Homeowners often aspire to have attractive backyards that look like they belong in a magazine.

While these can be picturesque and functional for adults, they may not be entirely practical for homeowners who have young children, especially when the majority of the yard is covered with paving stones or concrete.

When young children are part of a household, homeowners may benefit by designing yards that are both functional and fun.

Incorporating safe play areas for kids is one way to unlock the potential of both big and small backyards.

As children run off to enjoy a playground, safety is the last thing on their minds.

Kids are most interested in scaling ladders to treehouses or coasting down slides. That's why adults must take it upon themselves to keep injury prevention in mind.

SafestPlayground.com indicates that playground-related injuries routinely result in severe fractures, internal injuries, concussions, and dislocations. In the majority of playground injuries to children younger than age 5, the head and face are affected. Children between the ages of 5 and 9 experience more leg and arm injuries than younger kids.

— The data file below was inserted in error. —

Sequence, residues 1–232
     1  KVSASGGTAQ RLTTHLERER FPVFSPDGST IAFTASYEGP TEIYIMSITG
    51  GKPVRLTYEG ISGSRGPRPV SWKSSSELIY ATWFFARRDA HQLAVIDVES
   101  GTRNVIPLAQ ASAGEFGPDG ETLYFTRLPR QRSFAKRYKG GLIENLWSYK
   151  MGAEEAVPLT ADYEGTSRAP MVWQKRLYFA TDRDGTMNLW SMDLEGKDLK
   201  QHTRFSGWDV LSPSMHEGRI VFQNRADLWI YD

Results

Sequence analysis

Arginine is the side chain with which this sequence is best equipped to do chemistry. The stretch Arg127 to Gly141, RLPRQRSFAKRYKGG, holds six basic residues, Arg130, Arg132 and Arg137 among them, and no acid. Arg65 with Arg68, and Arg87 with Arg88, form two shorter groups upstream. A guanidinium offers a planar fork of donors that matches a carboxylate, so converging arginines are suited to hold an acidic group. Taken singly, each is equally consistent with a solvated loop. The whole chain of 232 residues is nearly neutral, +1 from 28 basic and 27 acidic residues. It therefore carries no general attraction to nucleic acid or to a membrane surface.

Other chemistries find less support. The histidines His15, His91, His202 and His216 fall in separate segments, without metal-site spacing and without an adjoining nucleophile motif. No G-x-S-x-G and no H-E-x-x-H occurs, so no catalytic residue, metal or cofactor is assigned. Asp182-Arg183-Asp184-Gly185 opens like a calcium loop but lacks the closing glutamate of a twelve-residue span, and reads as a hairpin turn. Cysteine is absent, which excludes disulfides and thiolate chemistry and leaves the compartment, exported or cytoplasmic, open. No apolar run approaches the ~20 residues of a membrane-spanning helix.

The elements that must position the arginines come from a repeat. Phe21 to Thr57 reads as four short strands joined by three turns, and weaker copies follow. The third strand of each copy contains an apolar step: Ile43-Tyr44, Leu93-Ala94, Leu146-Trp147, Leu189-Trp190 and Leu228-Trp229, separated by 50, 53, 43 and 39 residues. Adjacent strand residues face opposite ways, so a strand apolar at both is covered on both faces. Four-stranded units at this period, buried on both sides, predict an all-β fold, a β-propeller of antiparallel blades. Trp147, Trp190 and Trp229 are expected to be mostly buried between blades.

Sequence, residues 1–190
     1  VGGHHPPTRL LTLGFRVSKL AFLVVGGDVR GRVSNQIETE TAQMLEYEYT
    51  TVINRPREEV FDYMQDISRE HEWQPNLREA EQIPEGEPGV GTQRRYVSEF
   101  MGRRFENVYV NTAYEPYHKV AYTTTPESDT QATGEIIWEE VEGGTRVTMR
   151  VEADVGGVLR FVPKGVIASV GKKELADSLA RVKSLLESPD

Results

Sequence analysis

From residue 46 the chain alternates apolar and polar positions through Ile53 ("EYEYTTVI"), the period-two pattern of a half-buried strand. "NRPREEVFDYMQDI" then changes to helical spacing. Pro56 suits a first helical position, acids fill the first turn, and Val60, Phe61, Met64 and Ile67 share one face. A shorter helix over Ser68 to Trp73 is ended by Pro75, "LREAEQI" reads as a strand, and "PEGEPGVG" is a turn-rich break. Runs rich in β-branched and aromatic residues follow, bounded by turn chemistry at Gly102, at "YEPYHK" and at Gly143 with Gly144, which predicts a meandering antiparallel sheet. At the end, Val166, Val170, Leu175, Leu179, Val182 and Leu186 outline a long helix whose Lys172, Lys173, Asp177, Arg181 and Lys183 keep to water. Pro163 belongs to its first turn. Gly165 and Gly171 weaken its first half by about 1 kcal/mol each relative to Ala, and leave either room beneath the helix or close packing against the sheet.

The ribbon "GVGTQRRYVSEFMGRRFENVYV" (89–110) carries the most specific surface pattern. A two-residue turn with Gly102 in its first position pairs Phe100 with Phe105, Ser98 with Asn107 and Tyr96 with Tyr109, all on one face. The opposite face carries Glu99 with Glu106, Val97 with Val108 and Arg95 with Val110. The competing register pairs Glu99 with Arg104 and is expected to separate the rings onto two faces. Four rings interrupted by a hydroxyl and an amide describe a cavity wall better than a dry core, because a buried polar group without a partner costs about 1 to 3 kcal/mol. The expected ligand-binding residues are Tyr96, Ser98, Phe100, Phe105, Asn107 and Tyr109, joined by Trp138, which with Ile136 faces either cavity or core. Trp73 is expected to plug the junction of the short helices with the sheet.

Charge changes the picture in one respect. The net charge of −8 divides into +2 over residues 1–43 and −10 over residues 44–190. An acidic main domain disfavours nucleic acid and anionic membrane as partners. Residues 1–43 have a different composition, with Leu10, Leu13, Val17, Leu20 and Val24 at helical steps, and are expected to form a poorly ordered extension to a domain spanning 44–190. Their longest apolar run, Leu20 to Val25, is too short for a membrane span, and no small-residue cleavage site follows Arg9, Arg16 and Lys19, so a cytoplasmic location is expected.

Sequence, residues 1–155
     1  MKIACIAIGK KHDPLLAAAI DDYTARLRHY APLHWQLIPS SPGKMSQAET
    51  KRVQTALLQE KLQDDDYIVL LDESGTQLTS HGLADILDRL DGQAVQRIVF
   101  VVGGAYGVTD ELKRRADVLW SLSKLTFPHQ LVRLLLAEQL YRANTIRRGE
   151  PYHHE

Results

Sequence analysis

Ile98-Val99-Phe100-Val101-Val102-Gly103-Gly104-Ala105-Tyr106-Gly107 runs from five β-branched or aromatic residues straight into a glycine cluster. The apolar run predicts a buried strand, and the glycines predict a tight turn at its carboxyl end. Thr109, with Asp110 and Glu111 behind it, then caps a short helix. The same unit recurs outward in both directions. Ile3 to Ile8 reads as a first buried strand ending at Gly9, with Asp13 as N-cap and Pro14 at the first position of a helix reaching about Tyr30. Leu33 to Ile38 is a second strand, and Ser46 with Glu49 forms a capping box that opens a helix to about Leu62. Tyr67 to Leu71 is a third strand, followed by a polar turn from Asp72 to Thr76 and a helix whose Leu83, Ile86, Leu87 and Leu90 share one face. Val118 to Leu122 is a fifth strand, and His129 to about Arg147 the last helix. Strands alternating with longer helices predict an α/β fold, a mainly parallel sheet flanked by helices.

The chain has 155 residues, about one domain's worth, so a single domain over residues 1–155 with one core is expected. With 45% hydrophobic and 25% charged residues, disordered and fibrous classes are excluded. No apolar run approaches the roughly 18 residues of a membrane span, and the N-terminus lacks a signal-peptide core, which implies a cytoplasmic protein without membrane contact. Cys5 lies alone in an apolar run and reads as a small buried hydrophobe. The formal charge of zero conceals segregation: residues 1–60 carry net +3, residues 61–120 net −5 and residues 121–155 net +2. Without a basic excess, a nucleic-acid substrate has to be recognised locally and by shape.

The Consumer Product Safety Commission states 70 percent of children's injuries occur on home playgrounds. More than 28,000 children are injured each year on playgrounds across Canada, according to Parachute, a national injury prevention organization.

When considering playground equipment for the yard, parents need to make safety a priority. The Canada Safety Society advises parents to follow the "5 S's of Playground Safety": Surface, structures, site, supervision, and safety.

Surface: Parents should assume that children will fall. To lessen the blow of falls, choose playground equipment with a perimeter of six feet of a softer surface, such as sand, pea gravel, rubber pieces or wood chips. This material should be between six and 12 inches deep.

Structure: The structure of the play equipment should be built from sturdy materials. Pressure-treated lumber was once the standard, but it's not adviseable for kids' playgrounds, as the chemicals used in the lumber can leach and young children may actually bite or pick at the wood. Use cedar or another wood that resists decay. Once the structure is built, inspect it frequently for damage.

Site: Look around the landscape for an ideal place to locate the playset. There should be no obstacles that children can hit while sliding or swinging. Avoid overhanging branches and do not place equipment too close to trees or fencing. Try to keep the set out of direct sunlight, which can make components heat up and scald young bodies.

Supervision: Do not leave children alone while they are playing. Prevent children from using the playset in an incorrect manner.

Safety: Follow the directions for installation. Make sure all posts are anchored into the ground securely. Railings should be spaced so that children cannot get stuck between them. Check that metal components have not rusted and that there is no additional excessive wear. Be sure that no tools or other dangerous items are left around the yard.